The Importance of “Commercial” Open Source

I still get asked the usual questions when i tell people I work for a commercial open source software provider.

“So – how does your company make money?”

“Can ANYONE simply check in code to your solution?”

“Do businesses really buy open source software?”

I take the time to answer these questions fully, since you never know who might be your next customer. But it does surprise me that there is still a lot of fuzziness around open source models. There is especially a lot around SugarCRM’s solution. And I am sure our competitors are not helping matters.

Our VP of marketing Chris Harrick gives a nice explanation in a recent interview on TMCnet here. The most important part of his responses, I believe, is this:

There is a misconception about code contribution with open source. My company, and I’m sure others in the field, are careful what is committed to the code base with an eye forIP rights, code quality, security and scalability. The community involvement occurs around quality feedback, language translations, and product complements and extensions of which there are over 500 today.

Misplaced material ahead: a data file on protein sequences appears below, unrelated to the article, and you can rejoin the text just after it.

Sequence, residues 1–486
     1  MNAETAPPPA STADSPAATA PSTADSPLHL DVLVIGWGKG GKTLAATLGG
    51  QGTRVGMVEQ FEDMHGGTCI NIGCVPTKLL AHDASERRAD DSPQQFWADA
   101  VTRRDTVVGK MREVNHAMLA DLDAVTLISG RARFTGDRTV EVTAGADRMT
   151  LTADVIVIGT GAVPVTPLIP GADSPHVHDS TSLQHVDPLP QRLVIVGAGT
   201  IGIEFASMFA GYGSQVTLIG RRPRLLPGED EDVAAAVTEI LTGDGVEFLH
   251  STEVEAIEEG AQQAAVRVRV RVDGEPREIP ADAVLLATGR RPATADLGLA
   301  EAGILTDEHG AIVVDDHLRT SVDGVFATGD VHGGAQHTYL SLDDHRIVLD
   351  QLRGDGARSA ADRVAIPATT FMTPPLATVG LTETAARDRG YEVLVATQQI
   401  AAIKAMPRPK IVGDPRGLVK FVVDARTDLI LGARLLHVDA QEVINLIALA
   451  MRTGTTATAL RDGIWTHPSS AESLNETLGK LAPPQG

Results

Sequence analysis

Too many people think we have this “out there” code base that anyone can add to or change. Not true. We have a very centrally managed IP – because after all we offer a Commercially-licensed version based on the same code base.

And when it comes down to it – to address the last question above – businesses Don’t Care if a product is open or not – they just want it to work. They want it to fit their businesses with the same flexibility they expect in their human capital. CRM is a living, breathing initiative in any organization, and the software must match that. Lucky for us, by leveraging the open source manufacturing process and lifting artificial limitations on our solutions, we can offer the type of speed, power and control (to the user) that a modern CRM system needs.